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FORT COLLINS, Colo. — A dust-up is happening in Fort Collins where neighbors and the city are at odds about a growing prairie dog colony.
It's just the latest community in Colorado dealing with the issue.
"So, this is called the Power Trail," said Gayle Miller.
Miller, who is also a veterinarian, walks this open space almost nightly.
"I walk at dusk,” Miller said. “That's why I see a lot of wildlife."
But what she saw the other night - shocked her. A contractor using carbon monoxide to kill the prairie dogs in their burrows.
There was no public notice.
"Doing it late in the evening makes me think they didn't want anyone to see," Miller said.
The City of Fort Collins says the prairie dog population in the Fossil Creek Wetlands area must be managed when trying to strike a balance between wildlife and a growing urban environment.
The city says prairie dogs destroy vegetation, stripping the land of the natural grasses and other plants that make these wetlands what they are, resulting in accelerated erosion.
Miller argues the wetlands are thriving at the moment.
“It's in good shape,” she said. “Could it possibly change if we had a severe drought? 'Yes.'"
This issue isn’t isolated to Fort Collins. A similar fight is happening right now in Parker where an HOA poisoned a neighboring prairie dog colony.
"Our HOA fees were used to kill all these prairie dogs unbeknownst to any of us,” said resident Barb Jedele.
On the flip side, others praised that decision.
“Well, I’m not for them,” said Channing O’Dell. “So, I was glad that they were doing it."
In Longmont, the city council is trying to decide if prairie dog relocation efforts should extend to all neighborhoods, not just new developments.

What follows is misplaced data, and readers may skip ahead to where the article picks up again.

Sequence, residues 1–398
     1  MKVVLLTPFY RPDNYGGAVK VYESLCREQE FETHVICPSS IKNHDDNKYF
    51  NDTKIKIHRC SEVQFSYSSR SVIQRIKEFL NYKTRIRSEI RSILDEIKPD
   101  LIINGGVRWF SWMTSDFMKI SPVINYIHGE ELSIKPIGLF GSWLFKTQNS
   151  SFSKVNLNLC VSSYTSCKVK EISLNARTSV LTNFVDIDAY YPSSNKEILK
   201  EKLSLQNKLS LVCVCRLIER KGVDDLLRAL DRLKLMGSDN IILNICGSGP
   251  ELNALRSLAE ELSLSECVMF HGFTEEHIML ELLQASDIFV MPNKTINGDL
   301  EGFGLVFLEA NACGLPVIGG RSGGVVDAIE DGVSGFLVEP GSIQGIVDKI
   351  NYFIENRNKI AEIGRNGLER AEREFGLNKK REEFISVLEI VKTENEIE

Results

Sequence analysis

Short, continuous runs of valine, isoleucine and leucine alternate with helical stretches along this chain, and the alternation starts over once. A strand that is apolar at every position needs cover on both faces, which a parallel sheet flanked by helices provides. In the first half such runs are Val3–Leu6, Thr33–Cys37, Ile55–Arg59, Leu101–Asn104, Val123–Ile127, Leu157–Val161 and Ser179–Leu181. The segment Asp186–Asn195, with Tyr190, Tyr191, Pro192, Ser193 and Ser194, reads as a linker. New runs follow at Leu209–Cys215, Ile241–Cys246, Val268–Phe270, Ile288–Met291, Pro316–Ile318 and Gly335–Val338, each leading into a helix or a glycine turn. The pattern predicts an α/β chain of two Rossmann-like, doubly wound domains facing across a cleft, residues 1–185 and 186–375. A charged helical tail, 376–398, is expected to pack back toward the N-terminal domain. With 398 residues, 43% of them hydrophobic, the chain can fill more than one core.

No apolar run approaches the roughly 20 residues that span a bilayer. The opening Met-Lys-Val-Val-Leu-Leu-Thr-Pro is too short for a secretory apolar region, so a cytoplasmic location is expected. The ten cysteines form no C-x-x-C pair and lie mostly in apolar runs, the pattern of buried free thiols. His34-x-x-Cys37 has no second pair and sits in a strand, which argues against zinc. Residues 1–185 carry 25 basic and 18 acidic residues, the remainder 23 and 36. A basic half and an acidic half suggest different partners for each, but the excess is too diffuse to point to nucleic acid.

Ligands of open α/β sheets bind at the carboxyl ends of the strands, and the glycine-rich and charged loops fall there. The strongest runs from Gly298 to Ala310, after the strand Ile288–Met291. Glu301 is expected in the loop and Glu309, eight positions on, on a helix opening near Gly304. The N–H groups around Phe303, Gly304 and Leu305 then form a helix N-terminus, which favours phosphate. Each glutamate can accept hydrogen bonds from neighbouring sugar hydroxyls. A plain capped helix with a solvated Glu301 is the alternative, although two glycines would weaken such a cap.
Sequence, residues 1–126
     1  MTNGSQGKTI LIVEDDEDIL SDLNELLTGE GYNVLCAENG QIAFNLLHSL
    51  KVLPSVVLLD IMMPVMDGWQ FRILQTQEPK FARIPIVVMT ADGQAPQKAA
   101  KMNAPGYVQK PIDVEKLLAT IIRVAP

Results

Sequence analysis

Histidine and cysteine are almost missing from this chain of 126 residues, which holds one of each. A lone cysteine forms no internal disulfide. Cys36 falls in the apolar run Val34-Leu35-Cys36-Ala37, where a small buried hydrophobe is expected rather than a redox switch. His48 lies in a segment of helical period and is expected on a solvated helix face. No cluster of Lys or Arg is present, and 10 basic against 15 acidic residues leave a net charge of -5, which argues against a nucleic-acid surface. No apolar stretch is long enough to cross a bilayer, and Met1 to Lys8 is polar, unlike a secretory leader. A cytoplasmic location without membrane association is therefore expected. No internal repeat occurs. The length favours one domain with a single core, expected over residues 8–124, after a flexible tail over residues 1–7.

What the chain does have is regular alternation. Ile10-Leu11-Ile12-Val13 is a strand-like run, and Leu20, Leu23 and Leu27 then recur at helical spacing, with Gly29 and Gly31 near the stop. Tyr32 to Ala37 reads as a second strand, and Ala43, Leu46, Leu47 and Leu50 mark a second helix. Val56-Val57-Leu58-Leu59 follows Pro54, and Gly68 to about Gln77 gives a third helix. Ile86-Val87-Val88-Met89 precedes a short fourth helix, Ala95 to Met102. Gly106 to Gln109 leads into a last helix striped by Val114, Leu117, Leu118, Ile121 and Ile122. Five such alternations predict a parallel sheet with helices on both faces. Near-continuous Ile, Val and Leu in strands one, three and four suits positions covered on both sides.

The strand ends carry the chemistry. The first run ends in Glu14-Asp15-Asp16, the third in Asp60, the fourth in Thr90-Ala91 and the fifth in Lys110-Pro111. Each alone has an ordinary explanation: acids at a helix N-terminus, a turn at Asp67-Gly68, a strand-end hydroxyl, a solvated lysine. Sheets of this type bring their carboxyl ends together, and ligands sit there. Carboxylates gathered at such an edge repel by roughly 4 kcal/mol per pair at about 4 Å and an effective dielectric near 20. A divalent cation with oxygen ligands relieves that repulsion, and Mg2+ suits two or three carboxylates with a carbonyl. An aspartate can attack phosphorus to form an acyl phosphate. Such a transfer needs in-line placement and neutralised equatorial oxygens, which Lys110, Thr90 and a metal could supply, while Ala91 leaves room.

City council meetings along the front range feature a similar tone and heated debate over prairie dogs.
"I really would love to be a prairie dog,” said one neighbor. “You guys have put so many protections in for them. I'm here tonight to ask the same thing for us, your citizens."
Back on the trail in Fort Collins, there's certainly no shortage of opinions.
“They aerate the land and allow vegetation to grow,” said one cyclist.
"It's not that big a deal, but I can understand when it really fills in with development, you really wouldn't want them around," said another cyclist.
So, what’s next?
Miller successfully argued that there are plenty of natural predators around to keep the prairie dog population in check.
“The coyotes, the hawks, and the raptors all use that as a food source,” Miller said.
She has single-handedly convinced Fort Collins to stop gassing the prairie dogs for now. But the fight will likely continue.
"We should be using lethal methods as a last resort, not a first resort," Miller said. "Nature has a way of balancing these things if we don't step in and muck it up."